Brookings and the Lawfare Institute publish a piece by Paul Salem and Randa Slim which opens:
The United States has played a leading role in fighting the Islamic State, but now it must prepare for the fights that will take place at negotiating tables and reconciliation conferences. Iraqis recognize that the coming months will be difficult. In a recent visit to Iraq, our interlocutors from various political stripes emphasized the enormity of the challenges facing the country after the expected expulsion of the Islamic State from Mosul. If we are not to make the same mistake of winning the war and again losing the peace, the Trump administration should look beyond the focus on the current battle and develop a layered and sustainable strategy to help Iraq move toward stability. While this strategy will include military and aid components, it will need to have a strong political and diplomatic component. War, including civil war, is the continuation of politics by other means. If Iraq does not get its politics in order, the country’s political struggles will continue to play out in other violent ways that Iraqis have come to know too well, and the specter of more sectarian conflict, radicalization, and terrorism will persist.
First, to be sure, a defeat of the Islamic State in Mosul will not be the end of the kinetic battle against the terrorist organization in Iraq. Though 70 percent of Mosul has been liberated, there are still an estimated 400,000 people behind Islamic State lines in the city. A fair number of these are families of Islamic State fighters who came to Mosul from Diyala, Anbar, and Tikrit. While Iraqi forces have retaken major cities, Islamic State fighters are still entrenched in about 40 percent of Kirkuk province, including the districts of Hawija, Riyadh, and Rashad, which lie on the western side of the province. They also control Tal Afar, parts of Sinjar province, and in Anbar they hold the cities of Ana, Rawa, and Qaim, all close to the border with Syria. Even if defeated there, they could head for the less accessible hills and deserts of Diyala and Anbar provinces, and as long as they also have havens across the border in Syria—most prominently in Raqqa and Deir Ezzor—they can always return. Still, their defeat in Mosul will mean the end of their experiment in religious rule in Iraq and a great blow to their prestige and appeal.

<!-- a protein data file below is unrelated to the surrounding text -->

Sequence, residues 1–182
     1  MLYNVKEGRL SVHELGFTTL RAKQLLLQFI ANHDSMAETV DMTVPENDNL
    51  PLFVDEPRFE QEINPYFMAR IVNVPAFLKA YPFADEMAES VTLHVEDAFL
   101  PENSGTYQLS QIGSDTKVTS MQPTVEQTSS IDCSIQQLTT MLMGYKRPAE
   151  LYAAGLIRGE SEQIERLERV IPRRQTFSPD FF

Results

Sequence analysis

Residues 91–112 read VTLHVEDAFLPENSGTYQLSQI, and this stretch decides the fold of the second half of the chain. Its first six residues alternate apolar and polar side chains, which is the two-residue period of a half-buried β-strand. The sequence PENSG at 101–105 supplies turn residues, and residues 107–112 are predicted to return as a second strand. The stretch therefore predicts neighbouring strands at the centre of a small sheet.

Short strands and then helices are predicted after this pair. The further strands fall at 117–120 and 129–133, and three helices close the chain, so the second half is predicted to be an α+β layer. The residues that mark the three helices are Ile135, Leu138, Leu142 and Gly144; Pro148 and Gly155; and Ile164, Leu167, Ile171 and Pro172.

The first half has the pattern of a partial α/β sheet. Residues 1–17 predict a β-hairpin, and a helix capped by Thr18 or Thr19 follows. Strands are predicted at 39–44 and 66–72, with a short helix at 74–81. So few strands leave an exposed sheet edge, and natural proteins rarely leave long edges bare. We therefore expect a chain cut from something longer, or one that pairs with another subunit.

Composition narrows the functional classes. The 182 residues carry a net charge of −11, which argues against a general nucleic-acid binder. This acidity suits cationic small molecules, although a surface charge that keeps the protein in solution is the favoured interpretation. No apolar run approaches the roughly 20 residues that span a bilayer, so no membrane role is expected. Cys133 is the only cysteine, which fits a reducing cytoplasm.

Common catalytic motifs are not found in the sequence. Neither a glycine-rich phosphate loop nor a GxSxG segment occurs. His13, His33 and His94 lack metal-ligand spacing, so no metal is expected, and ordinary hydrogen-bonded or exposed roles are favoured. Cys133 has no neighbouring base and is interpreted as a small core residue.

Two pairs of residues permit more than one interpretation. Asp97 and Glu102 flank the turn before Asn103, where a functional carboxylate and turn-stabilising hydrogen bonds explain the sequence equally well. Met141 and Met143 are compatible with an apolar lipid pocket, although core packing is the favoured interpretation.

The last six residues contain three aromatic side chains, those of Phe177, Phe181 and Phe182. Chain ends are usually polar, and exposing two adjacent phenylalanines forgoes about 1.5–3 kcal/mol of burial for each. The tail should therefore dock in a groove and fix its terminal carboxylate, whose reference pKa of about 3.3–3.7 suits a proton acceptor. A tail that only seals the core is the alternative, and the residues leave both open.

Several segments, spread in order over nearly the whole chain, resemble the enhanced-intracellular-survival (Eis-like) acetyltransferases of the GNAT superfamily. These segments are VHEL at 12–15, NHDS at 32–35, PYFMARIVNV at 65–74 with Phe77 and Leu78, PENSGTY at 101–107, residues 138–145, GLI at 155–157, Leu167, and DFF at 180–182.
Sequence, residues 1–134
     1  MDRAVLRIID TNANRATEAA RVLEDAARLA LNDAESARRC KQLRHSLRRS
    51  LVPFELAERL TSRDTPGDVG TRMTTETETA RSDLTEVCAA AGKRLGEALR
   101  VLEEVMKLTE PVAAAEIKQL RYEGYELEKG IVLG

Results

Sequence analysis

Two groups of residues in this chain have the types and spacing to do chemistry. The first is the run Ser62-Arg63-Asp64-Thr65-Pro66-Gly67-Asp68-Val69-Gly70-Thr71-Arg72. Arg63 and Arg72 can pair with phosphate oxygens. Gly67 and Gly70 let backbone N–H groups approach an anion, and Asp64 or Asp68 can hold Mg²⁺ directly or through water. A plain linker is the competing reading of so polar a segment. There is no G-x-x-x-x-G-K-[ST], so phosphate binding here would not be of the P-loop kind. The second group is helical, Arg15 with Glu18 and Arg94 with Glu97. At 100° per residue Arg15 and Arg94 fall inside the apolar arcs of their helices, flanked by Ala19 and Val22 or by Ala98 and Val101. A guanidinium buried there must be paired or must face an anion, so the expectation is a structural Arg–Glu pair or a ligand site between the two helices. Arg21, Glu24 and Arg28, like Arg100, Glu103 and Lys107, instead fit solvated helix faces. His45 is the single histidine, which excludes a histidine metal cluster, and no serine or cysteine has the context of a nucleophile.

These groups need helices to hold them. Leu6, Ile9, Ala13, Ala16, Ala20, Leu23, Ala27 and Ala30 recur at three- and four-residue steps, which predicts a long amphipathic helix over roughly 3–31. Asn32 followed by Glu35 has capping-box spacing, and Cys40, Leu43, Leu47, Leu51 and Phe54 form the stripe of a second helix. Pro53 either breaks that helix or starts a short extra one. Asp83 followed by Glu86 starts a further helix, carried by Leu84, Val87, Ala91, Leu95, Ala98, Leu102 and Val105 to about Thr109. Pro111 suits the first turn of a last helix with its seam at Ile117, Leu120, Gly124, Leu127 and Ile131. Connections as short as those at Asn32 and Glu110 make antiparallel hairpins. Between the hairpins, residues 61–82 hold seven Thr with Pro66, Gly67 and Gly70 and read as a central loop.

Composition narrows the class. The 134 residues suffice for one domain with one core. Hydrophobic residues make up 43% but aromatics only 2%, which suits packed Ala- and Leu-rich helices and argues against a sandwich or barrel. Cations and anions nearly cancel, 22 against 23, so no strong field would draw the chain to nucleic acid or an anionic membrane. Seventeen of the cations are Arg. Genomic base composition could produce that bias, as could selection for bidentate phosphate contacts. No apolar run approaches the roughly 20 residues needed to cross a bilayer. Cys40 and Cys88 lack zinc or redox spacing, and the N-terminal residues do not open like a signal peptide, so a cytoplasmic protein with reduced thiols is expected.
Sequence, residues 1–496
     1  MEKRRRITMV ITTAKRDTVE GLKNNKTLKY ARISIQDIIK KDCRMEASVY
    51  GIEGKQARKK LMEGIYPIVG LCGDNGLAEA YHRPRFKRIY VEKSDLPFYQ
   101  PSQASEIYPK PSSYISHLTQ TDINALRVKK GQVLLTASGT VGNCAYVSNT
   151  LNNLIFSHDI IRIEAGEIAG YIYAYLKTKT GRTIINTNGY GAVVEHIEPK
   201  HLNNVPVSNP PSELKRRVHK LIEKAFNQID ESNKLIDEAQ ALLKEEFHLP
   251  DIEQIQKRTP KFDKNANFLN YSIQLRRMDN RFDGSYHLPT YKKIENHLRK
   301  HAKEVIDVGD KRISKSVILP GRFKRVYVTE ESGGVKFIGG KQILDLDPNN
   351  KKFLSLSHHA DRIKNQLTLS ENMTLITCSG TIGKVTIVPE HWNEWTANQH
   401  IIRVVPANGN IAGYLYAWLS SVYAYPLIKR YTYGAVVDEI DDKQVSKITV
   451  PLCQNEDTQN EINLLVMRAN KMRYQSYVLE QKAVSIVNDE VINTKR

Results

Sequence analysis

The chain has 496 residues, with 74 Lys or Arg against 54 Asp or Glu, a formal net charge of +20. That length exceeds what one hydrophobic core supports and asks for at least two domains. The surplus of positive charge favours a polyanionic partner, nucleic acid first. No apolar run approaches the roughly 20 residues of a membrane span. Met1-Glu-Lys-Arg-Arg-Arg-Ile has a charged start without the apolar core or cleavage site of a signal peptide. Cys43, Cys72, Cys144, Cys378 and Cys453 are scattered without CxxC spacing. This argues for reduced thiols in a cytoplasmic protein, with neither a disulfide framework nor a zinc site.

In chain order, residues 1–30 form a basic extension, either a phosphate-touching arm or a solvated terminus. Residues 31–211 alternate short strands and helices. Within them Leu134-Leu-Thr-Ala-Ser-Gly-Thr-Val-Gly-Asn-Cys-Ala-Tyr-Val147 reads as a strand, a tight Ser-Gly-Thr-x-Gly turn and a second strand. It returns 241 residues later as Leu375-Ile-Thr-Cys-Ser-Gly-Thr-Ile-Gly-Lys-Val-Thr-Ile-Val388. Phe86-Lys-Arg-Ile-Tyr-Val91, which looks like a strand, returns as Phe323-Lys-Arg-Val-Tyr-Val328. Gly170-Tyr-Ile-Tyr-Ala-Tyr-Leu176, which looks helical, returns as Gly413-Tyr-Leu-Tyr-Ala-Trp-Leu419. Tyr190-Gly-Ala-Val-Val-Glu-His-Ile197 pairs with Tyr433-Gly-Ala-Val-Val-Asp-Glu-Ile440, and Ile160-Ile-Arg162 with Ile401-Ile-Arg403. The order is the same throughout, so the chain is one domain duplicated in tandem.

The ongoing kinetic threats justify maintaining a medium-term U.S. military presence around current troop levels of 5,000-6,000 personnel to maintain support, training, and cooperation with the Iraqi armed forces. This is what the Iraqi government has requested, and the United States should provide this assistance. Indeed, President Trump has himself said “we shouldn’t have gone in; but certainly we shouldn’t have left.”
So they finally get around to discussing the need for diplomacy and it's used to argue for troops to remain in Iraq?
War Hags, one and all.
Iraq does need a diplomatic surge and it's needed one for some time.
And we've made that argument repeatedly for years now.
Welcome to the room, Sara
Welcome to the choir, sir
"Welcome to the Room, Sara," written by Stevie Nicks, first appears on Fleetwood Mac's TANGO IN THE NIGHT
Welcome to the room, War Hags.
But those of us who've been standing here already for some time are fully aware that you only mention diplomacy now because you're attempting to justify keeping US troops in Iraq.